(Part of the Austin Rocks series of posts by a local about things to do and see in Austin, Texas)
When someone owns chickens, they need chicken feed and chicken wire for fencing repairs and some scratch and maybe to replace a waterer.
Growing up, we’d visit my grandmother in East Austin and I’d spend time out in her big, narrow backyard where her chickens ran around. She didn’t have a car, and the nearby Safeway grocery store didn’t carry everything she needed, so my Dad and I would make a chicken supply run out to Callahan’s General Store.
Established in 1978, family-owned Callahan’s is still going strong in a metropolis that’s known for being a tech hub, not a place where people need farm and ranch supplies (although Rodeo Austin is still one of the city’s big events.)
From a profile of the Callahan family:
“When I came here, our demographic was a 35-year-old working man who wore jeans and worked on a ranchette on the weekends….Three to five acres. Horses, cattle, chickens, perhaps hogs, sheep and goats. That’s where we came in.”
When I visited the store recently, I saw plenty of people who still somewhat fit that description, but given current trends like canning, organic gardening, and other do-it-yourselfing – plus the city of Austin’s chicken, bees, and goats program – Callahan’s is still a go-to supplier.
Need a Flat Wasatch Top or a honey sieve for your backyard beehive? There’s a beekeeping section.
Need predator urine to scare off raccoons and gophers? They have it.
How about healthcare for your horses and cows? Here you go….
I felt very sentimental looking at all of the chicken supplies, including the cutest little fluffy baby chicks all running around under a heat lamp….
Chicks usually come in on Thursday mornings – New Hampshire Red Pullets, Buff Orpington Pullets, Crested Special Straight Runs, and a bunch of breeds that chicken people will know, but I do not.
There were some rabbits, too.
The hardware section is something to behold. Rows of galvanized buckets and tubs, stacks of rakes and sledgehammers, cage traps, hurricane lamps, and to help with your towing requirements, this assortment of shiny trailer hitch balls that for some reason I found rather mesmerizing.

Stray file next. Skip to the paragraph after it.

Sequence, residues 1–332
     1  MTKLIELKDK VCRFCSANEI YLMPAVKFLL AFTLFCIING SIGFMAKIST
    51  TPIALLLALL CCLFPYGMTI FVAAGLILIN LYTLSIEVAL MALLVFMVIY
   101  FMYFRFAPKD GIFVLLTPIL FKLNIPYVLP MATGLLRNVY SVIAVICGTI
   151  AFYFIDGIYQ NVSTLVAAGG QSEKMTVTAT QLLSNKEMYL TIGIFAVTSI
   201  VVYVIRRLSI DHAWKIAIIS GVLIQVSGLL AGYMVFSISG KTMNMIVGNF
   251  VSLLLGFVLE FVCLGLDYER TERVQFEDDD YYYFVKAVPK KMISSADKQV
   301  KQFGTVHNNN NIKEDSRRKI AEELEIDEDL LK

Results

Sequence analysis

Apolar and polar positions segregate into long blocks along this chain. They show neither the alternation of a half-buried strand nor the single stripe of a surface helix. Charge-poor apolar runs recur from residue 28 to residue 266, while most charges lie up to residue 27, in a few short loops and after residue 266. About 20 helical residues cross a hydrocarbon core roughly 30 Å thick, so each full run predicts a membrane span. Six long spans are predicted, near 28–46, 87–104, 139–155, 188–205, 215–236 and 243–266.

There’s a pretty big kitchen section that carries not only local foods like jerky and chili mix and chow chow, but also make-your-own foodie equipment like sausage stuffers.
Need Masontops Pickle Pebbles Plus weights to keep your fermenting vegetables submerged while they ferment? That’s in the canning area.
Home decor is mostly Western/country, which is not really my style, but I loved the colorful oilcloth selection, which reminded me of older relatives swiping a sponge over their oilcloth-topped kitchen tables before we’d sit down to eat. Who knows what the table underneath looked like, because we never saw it…
If we ever need any more cast iron cookware, I know where to go, although I can’t imagine what would destroy the cast iron skillet we’ve had for decades (unless somebody without any good sense put it in the dishwasher.)
Sturdy enamelware comes in several colors and patterns:
There is a large section of Western-style clothing, including plenty of boots and hats. Don’t miss the big sale/markdown section in the back. If you do any sort of outdoor work and want to stay warm, look through Callahan’s selection of Carhartt classic jackets and overalls.
Wrangler jeans and Western shirts are a uniform for many around Texas, and when it’s time to get dressed up a bit, those jeans get pressed and you grab yourself a pearl snap shirt.
You can get your Stetson or Resistol hat shaped and creased here, too.
Don’t let anyone tell you that Austin isn’t “real Texas” (and some bozos WILL try to tell you that.) It is an enormous state, with residents from every ethnic group you can imagine, and most of us live in urban areas. We celebrate a place like Callahan’s because it has managed to stay with its roots, and yet shifted enough to accommodate new trends and tastes.
It is definitely #TrueAustin, just like ACLFest and millions of bats and the pink granite Capitol and Alamo Drafthouse and Barton Springs and SXSW and chickenshit bingo at Ginny’s Little Longhorn Saloon. I’ll bet the chickens at Ginny’s get their feed from Callahan’s General Store.
(All photos by Sheila Scarborough)
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